The Volcon Grunt is a fat tire electric motorcycle of sorts that doesn’t just talk the talk.

The bike also walks the walk, if its spec sheet is to be believed.

The Volcon Grunt’s 37 kW (50 hp) motor offers 102 Nm (75 lb-ft) of torque and propels the bike to a claimed 60 mph (96 km/h) top speed in 6 seconds.

It also comes with a maximum range of 100 miles (160 km), though there is no word on what speed that range is clocked at. Some electric bike manufacturers get away with impressive range ratings by measuring ranges at very low speeds, which require less battery power and thus are more efficient. And with giant tires like those, the Grunt could surely use all the efficiency favors it can get.

Either way, Volcon claims the batteries will be swappable, so even if the range isn’t quite as good, a spare battery could easily double it.

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The Pandemic Plutocrats : How Covid is creating new fintech billionaires

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In 2015, Nick Molnar was living with his parents in Sydney, Australia, and selling jewelry from a desktop computer in his childhood bedroom. Hocking everything from $250 Seiko watches to $10,000 engagement rings, the 25-year-old had gotten so good at online marketing that he had become Australia’s top seller of jewelry on eBay, shipping thousands of packages a day.

That same year, he teamed up with Anthony Eisen, a former investment banker who was 19 years his senior and lived across the street. They cofounded Afterpay, an online service that allows shoppers from the U.S., U.K., Australia, New Zealand and Canada to pay for small-ticket items like shoes and shirts in four interest-free payments over six weeks. “I was a Millennial who grew up in the 2008 crisis, and I saw this big shift away from credit to debit,” the now 30-year-old Molnar says today. Either lacking credit cards or fearful of racking up high-interest-rate debt on their credit cards, Molnar’s generation was quick to embrace this new way to buy and get merchandise now, while paying a little later.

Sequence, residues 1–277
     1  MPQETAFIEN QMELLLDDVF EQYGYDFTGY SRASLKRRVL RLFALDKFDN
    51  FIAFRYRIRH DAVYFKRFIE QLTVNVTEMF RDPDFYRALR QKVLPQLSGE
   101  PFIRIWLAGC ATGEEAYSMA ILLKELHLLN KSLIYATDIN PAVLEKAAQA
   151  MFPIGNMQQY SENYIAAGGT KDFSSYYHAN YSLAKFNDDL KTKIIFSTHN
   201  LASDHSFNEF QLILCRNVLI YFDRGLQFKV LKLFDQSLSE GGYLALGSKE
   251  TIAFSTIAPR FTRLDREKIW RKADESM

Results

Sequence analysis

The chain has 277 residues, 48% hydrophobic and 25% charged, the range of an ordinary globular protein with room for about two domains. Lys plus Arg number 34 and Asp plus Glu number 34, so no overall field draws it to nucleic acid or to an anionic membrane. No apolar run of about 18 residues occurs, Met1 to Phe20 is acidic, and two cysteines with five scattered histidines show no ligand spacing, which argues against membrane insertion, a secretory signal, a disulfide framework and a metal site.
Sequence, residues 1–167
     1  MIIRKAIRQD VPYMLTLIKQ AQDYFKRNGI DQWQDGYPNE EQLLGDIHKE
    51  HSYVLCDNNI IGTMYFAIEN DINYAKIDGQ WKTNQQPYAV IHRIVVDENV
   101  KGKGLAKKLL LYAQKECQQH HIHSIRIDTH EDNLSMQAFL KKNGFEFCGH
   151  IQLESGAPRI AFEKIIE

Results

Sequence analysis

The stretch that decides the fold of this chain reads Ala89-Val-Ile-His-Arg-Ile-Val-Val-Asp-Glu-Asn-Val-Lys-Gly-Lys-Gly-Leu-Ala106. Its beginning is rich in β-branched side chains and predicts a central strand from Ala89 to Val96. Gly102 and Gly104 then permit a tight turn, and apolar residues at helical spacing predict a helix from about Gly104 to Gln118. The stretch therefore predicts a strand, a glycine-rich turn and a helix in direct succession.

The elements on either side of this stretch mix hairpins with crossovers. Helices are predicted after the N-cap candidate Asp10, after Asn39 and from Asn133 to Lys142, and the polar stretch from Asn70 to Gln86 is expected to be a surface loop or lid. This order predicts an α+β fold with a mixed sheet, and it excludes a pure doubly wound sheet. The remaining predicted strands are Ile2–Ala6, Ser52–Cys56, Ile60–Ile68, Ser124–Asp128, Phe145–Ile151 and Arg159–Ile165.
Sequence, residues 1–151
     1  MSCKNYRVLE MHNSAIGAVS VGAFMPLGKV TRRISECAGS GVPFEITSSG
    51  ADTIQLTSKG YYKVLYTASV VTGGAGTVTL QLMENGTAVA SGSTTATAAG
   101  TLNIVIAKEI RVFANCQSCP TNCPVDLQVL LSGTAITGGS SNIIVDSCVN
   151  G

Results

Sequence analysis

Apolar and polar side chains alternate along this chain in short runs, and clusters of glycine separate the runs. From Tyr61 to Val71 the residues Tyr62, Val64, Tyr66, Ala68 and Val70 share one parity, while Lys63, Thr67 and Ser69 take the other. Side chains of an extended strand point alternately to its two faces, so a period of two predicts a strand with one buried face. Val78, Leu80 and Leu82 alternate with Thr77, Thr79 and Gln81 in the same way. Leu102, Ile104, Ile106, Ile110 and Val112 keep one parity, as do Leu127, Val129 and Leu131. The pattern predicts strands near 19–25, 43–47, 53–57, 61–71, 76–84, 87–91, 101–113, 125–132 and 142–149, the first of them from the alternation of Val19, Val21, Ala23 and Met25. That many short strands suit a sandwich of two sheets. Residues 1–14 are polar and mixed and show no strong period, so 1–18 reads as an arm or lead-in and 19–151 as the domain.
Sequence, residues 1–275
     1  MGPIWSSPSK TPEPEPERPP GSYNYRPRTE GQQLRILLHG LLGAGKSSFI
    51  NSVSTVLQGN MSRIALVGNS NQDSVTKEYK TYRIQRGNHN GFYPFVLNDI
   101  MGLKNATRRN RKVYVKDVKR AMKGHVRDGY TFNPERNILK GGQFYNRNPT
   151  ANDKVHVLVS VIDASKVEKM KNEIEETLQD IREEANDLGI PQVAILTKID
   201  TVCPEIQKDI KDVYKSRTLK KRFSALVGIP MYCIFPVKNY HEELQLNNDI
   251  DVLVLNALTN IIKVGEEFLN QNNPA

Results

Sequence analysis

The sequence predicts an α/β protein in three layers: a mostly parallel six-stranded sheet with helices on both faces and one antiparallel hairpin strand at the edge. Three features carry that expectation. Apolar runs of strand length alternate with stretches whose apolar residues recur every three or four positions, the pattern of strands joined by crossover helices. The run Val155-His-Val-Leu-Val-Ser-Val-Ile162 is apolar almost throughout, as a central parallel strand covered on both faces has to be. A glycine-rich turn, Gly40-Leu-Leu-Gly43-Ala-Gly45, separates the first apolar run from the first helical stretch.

Five years later, Molnar and Eisen, who each own roughly 7% of the company, have become billionaires—during a pandemic. After initially tanking at the start of lockdowns, shares of Afterpay—which went public in 2016—are up nearly tenfold, thanks to a surge in business tied to e-commerce sales. In the second quarter, it handled $3.8 billion of transactions, an increase of 127% versus the same period a year earlier.

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‘A moral dilemma’: Tech startups wrestled with taking coronavirus bailout loans

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Some startup founders hesitated to apply for the SBA’s PPP loans because they feared Main Street businesses may need them more. Now, the pot of money has run out.

In the past few weeks, Silicon Valley startups have grappled with a confusing, ethical quandary: whether to take money from the government to weather the economic downturn brought on by coronavirus.